Women’s political participation and economic empowerment in post-conflict countries

The Great Lakes region has in the last ten to fifteen years seen an increase in women’s representation and involvement in politics and the public sphere, a positive outcome of the region’s peace processes and political transitions.

Uganda, Burundi, Rwanda and the Democratic Republic of Congo (DRC) have all developed quota systems whereby women should constitute at least 30 percent in all decision-making institutions – a significant factor in bringing about increased participation.

International Alert’s new report (read here), based on research conducted jointly with the Eastern Africa Sub-regional Support Initiative (EASSI) in Uganda, Rwanda, DRC and Burundi, examines the nature and quality of women’s political participation in the four countries.

The report seeks to establish whether women’s increased representation in decision-making has translated into the adoption of gender equality policies and enhancement of women’s socio-economic status at all levels of society. It also analyses the economic dimension of women’s political participation by linking women’s economic empowerment and their representation in the political arena.

The report represents a synthesis of the key findings and recommendations of a regional research project on women’s political participation and economic empowerment in these countries in the following ways:

  • In Rwanda the research project examined and analysed the integration of gender equality into the decentralisation process and the impact on women’s participation in national and local governance.
  • In Burundi it looked at the nature and impact of women’s participation in the Arusha peace process and the impact of the quota system in promoting women in national and local government.
  • In Uganda, Alert examined and sought to understand the position of women in the peace economy and politics, and the interaction between their increased economic power and their participation in political and public life.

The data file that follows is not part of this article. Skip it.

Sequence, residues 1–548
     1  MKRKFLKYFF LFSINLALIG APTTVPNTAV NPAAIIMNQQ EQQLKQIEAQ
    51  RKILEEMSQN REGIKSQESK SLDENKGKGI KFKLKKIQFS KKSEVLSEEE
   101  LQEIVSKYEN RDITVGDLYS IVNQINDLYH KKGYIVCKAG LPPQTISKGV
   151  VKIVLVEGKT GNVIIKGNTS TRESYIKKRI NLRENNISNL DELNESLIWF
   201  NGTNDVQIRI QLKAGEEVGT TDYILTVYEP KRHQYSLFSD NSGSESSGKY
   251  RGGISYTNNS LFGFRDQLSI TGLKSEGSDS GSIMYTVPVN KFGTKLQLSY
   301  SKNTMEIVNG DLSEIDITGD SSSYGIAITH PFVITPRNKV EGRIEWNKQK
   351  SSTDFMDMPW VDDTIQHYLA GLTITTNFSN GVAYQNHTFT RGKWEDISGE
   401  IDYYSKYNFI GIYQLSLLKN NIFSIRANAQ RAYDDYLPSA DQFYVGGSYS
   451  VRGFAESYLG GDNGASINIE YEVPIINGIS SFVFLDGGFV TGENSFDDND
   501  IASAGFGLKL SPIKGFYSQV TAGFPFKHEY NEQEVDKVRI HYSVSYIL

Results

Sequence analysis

• And in DRC, it assessed women’s participation in the inter-Congolese dialogue and the 2006 general elections.

Political participation is a gendered process and the challenge for women is trying to understand how to transform institutions and political and economic systems that remain deeply masculine in nature. Rwanda, which is one of the most advanced countries in terms of the promotion of gender equality in Africa, is lacking in technical expertise, for instance in terms of gender budgeting, which constitutes a hindrance to the effective implementation of gender issues in the decentralisation process.

In Burundi whereas quotas significantly increased the number of women in decision-making bodies at all levels, including local governance, this did not necessarily lead to substantial and effective representation of women or to significant reduction in inequalities between men and women. The adoption of a quota system was not accompanied by a transformation of the political and institutional systems, which remain heavily masculine and are a hindrance to the promotion of gender equality.

The research shows that the political and security environment in the countries in question is not always conducive to the effective participation of women in political and public life. Some local players attribute the difficulties in implementing gender equality policies to the lack of political will of the ruling governments.

That said, however, increased representation and participation of women in the four studied countries seems to have led to a greater acceptance of women’s leadership in the political arena and the economic sphere. It might be slow, but as demonstrated in the study particularly with Rwanda and Burundi, it is without doubt having an impact.

To find out more about our research, read the summary report here. Alternatively, you can read the country reports in full here: